At the suppression hearing, the only evidence regarding the search consisted of the offense report entered by Officer Bacon, to which appellant and the State stipulated. Officer Bacon reported:

The last subject was identified as defendant, Joseph David Mena, white male, 9/21/1985. He appeared to be very nervous. I told him and the other subjects to remove their shoes, a common place to secret [sic] contraband. Inside of Mena’s right shoe was a large baggy of marijuana, 28 grams.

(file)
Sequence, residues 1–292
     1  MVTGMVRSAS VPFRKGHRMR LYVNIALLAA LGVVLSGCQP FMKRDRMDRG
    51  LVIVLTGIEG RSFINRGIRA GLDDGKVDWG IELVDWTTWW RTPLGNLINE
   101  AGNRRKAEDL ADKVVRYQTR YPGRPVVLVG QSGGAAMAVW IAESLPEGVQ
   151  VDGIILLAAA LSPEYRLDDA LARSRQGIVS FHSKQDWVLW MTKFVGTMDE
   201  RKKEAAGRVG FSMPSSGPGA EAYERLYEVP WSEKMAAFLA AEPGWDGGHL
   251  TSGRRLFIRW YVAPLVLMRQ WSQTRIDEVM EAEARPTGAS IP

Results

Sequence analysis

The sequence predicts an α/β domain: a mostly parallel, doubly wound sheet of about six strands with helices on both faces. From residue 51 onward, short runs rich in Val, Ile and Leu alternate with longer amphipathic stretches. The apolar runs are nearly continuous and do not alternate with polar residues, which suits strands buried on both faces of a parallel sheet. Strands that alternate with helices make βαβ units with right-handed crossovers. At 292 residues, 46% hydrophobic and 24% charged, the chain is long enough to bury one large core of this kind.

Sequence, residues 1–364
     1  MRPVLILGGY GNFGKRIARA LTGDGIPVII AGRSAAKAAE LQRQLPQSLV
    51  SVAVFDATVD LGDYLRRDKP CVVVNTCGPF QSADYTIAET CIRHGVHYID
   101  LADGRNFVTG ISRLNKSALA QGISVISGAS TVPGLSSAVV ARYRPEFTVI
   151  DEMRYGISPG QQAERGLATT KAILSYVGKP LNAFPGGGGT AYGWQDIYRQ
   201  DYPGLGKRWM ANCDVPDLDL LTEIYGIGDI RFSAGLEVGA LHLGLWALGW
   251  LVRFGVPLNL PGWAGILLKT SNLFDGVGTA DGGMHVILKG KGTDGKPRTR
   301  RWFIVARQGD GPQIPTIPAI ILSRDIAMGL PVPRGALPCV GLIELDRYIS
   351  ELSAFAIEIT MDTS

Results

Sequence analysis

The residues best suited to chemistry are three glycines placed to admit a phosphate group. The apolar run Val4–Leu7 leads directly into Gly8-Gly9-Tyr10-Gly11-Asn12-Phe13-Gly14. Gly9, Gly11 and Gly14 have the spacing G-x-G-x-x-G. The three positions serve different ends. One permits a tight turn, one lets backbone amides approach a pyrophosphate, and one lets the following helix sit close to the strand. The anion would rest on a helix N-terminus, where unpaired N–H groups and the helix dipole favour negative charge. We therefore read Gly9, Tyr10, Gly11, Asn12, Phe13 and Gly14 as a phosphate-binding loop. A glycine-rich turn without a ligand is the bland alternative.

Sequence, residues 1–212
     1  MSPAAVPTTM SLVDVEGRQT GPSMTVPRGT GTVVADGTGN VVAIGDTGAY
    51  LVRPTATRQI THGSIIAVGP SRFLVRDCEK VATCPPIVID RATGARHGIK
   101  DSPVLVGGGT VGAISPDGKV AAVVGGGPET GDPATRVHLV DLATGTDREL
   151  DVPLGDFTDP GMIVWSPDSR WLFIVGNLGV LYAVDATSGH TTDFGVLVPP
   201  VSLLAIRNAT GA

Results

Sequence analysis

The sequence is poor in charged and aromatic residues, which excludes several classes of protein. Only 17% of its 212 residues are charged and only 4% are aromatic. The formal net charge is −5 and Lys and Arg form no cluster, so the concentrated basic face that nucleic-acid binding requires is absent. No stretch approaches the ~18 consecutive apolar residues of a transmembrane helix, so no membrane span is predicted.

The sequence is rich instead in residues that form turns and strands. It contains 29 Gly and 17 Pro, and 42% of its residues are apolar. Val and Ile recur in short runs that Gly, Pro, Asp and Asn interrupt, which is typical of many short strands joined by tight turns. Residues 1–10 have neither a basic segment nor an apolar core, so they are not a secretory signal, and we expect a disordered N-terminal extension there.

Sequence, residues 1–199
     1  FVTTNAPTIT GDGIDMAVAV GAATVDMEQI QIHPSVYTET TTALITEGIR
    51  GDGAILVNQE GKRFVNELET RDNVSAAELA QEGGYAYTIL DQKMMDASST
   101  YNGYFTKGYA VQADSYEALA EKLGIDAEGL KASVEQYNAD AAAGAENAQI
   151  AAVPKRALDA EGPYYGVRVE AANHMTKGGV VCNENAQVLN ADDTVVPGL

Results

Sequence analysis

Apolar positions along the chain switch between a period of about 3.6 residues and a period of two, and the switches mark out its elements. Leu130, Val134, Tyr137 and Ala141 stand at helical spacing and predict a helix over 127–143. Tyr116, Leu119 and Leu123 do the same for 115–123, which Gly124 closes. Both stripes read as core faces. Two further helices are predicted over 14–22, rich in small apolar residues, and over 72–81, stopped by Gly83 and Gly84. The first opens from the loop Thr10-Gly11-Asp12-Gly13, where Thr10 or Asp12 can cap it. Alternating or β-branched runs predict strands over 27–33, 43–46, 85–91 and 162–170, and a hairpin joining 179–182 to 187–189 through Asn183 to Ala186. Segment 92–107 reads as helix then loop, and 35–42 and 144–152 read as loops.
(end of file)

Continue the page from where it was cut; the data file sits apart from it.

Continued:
The State argues that appellant’s removal of his shoes indicates consent. However, whether this consent was voluntary must be determined from the surrounding circumstances. Maxwell, 73 S.W.3d at 281. Compare Kendrick v. State, 93 S.W.3d 230, 234 (Tex. App.-Houston [14th Dist.] 2002, pet. ref’d) (holding acquiesence was voluntary based on circumstances of police request), with Carmouche v. State, 10 S.W.3d 323, 333 (Tex. Crim. App. 2000) (holding acquiescence was not voluntary based on circumstances of police request). The evidence is silent as to the circumstances surrounding the request- i.e., whether the officers had their guns drawn, whether appellant was informed he did not have to consent, whether he was advised of his constitutional rights, the length of the detention, and the repetitiveness of the questioning. [2][2] See Laney, 76 S.W.3d at 532. Further, appellant had already been subjected to an involuntary search, which may have led him to conclude that the second search was not optional. See Carmouche, 10 S.W.3d at 333. Based on the evidence in the record and giving deference to the trial court’s findings of historical fact, the State did not prove the voluntariness of the search by clear and convincing evidence. See Maxwell, 73 S.W.3d at 281.